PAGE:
# A simple class for linear regression

#### Question P4.6.4

Design and implement a class, Experiment, to read in and store a simple series of $(x,y)$ data as NumPy arrays from a text file. Include in your class methods for transforming the data series by some simple function (for example, $x' = \ln x$, $y' = 1/y$) and to perform a linear least-squares regression on the transformed data (returning the gradient and intercept of the best-fit line, $y_\mathrm{fit}' = mx'+c$). NumPy provides methods for performing linear regression (see Section 6.5.3 of the book), but for this exercise the following equations can be implemented directly: \begin{align*} m &= \frac{\overline{xy} - \bar{x}\bar{y}}{\overline{x^2} - \bar{x}^2}\\ c &= \bar{y} - m\bar{x} \end{align*} where the bar notation, $\bar{\cdot}$, denotes the arithmetic mean of the quantity under it. (Hint: use np.mean(arr) to return the mean of array arr).

Chloroacetic acid is an important compound in the synthetic production of phamaceuticals, pesticides and fuels. At high concentration under strong alkaline conditions its hydrolysis may be considered as the following reaction: $$\mathrm{ClCH_2COO^-} + \mathrm{OH^-} \rightleftharpoons \mathrm{HOCH_2COO^-} + \mathrm{Cl^-}.$$ Data giving the concentration of $\mathrm{ClCH_2COO^-}$, $c$ (in M), as a function of time, $t$ (in s), are provided for this reaction carried out in excess alkalai at five different temperatures in the data files caa-T.txt (T = 40, 50, 60, 70, 80 in $\mathrm{^\circ C}$): these may be obtained from this zip archive. The reaction is known to be second order and so obeys the integrated rate law $$\frac{1}{c} = \frac{1}{c_0} + kt$$ where $k$ is the effective rate constant and $c_0$ the initial ($t=0$) concentration of chloroacetic acid.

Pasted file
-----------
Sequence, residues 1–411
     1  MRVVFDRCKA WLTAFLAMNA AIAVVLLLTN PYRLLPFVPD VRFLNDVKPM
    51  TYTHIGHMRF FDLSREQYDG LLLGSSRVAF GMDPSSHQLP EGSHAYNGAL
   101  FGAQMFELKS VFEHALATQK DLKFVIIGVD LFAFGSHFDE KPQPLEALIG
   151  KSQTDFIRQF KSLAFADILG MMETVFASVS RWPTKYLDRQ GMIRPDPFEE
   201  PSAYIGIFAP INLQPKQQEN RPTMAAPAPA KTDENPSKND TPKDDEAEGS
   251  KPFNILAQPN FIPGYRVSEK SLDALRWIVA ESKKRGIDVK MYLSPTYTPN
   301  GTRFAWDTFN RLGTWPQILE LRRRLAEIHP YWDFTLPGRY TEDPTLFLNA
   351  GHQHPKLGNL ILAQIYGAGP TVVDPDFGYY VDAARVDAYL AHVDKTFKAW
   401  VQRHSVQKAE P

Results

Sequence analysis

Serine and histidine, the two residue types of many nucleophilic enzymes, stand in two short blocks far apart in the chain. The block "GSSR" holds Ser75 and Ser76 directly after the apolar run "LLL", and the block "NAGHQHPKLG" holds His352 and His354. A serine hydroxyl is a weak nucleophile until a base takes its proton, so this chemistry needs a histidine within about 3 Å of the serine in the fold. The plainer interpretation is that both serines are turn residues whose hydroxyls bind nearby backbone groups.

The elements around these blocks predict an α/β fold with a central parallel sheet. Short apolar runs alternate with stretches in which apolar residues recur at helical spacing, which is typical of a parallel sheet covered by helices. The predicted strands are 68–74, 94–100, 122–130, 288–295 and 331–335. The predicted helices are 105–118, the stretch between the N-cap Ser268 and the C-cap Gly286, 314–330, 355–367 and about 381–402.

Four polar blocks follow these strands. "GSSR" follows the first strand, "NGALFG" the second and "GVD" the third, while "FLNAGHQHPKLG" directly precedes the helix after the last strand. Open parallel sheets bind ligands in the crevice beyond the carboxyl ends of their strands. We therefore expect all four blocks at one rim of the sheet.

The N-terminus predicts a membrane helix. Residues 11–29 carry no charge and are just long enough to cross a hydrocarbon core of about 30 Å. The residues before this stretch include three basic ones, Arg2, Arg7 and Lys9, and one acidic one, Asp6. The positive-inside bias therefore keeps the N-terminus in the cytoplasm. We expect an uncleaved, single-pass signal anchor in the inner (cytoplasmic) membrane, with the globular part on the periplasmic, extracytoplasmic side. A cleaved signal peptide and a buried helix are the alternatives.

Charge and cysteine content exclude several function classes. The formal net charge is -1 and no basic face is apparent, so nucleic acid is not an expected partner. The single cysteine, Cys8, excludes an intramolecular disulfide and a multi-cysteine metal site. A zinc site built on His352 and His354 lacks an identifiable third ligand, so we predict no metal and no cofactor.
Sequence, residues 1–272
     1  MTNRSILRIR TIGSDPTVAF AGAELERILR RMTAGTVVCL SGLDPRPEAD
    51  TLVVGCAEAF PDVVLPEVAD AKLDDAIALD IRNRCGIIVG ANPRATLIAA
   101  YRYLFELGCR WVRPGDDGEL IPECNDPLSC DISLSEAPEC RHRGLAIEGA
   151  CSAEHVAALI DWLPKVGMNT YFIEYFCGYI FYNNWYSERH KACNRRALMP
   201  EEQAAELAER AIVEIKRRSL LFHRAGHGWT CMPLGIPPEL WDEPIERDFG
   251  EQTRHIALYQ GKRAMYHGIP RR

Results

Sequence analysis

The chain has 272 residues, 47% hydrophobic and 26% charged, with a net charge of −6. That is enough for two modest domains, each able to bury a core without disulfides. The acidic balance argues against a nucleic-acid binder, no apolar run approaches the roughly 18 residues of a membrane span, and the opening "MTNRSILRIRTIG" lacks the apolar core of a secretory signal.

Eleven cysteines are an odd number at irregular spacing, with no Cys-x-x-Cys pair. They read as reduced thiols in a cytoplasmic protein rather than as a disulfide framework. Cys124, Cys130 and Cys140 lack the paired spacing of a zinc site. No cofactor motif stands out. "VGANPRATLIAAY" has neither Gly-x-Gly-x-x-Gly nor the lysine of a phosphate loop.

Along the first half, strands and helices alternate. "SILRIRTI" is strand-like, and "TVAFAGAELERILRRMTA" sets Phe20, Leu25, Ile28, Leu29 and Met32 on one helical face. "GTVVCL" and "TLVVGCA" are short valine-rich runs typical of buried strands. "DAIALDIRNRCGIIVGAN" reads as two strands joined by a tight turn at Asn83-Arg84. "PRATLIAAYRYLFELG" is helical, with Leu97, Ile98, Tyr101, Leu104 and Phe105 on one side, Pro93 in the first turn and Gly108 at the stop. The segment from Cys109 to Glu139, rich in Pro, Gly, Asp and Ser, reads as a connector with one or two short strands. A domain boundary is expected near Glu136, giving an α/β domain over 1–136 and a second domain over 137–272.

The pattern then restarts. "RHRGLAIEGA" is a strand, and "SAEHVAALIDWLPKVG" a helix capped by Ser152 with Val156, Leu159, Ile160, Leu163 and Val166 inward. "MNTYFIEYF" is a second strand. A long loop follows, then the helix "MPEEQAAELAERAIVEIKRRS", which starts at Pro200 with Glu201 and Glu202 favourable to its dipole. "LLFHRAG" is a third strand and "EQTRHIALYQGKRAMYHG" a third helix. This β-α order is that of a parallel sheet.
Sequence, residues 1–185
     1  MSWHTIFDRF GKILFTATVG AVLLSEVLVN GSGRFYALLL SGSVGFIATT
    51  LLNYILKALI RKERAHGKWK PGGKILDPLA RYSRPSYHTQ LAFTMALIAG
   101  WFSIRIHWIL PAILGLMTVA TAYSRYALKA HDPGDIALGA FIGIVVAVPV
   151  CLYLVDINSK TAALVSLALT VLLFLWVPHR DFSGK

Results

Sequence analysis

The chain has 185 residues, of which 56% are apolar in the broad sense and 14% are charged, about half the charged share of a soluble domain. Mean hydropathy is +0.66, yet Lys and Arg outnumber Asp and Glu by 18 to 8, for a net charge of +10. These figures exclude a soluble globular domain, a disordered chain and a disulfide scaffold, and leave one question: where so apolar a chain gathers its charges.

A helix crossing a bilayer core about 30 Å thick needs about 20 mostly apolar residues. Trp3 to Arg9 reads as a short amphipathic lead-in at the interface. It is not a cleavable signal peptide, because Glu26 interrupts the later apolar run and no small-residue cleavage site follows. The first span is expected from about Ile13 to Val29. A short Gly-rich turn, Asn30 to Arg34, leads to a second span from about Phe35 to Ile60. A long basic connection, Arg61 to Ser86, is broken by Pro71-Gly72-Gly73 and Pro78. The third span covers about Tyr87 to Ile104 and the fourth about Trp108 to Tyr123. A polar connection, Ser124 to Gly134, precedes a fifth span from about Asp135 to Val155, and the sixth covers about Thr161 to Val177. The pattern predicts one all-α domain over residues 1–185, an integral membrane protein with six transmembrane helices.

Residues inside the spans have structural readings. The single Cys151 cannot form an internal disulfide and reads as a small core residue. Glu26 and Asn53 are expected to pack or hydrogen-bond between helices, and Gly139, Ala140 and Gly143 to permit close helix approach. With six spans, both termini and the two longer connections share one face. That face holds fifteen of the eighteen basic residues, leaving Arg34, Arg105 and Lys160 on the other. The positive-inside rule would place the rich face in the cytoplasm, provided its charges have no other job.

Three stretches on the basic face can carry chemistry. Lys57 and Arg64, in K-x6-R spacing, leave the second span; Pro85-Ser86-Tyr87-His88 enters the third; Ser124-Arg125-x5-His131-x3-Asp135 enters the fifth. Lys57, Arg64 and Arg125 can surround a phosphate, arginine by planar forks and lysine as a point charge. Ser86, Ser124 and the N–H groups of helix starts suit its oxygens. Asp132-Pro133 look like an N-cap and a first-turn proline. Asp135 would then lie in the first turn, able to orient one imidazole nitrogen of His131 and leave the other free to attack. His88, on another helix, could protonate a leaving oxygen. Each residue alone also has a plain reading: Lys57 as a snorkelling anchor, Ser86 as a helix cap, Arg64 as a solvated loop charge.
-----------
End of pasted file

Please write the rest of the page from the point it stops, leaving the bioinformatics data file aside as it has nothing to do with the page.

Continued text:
Use your Experiment class to interpret these data by linear regression of $1/c$ against $t$, determining $m(\equiv k)$ for each temperature. Then, for each value of $k$ determine the activation energy of the reaction through a second linear regression of $\ln k$ against $1/T$ in accordance with the Arrhenius law: $$k = Ae^{-E_\mathrm{a}/RT} \quad \Rightarrow \quad \ln k = \ln A - \frac{E_\mathrm{a}}{RT},$$ where $R = 8.314\;\mathrm{J\,K^{-1}\,mol^{-1}}$ is the gas constant.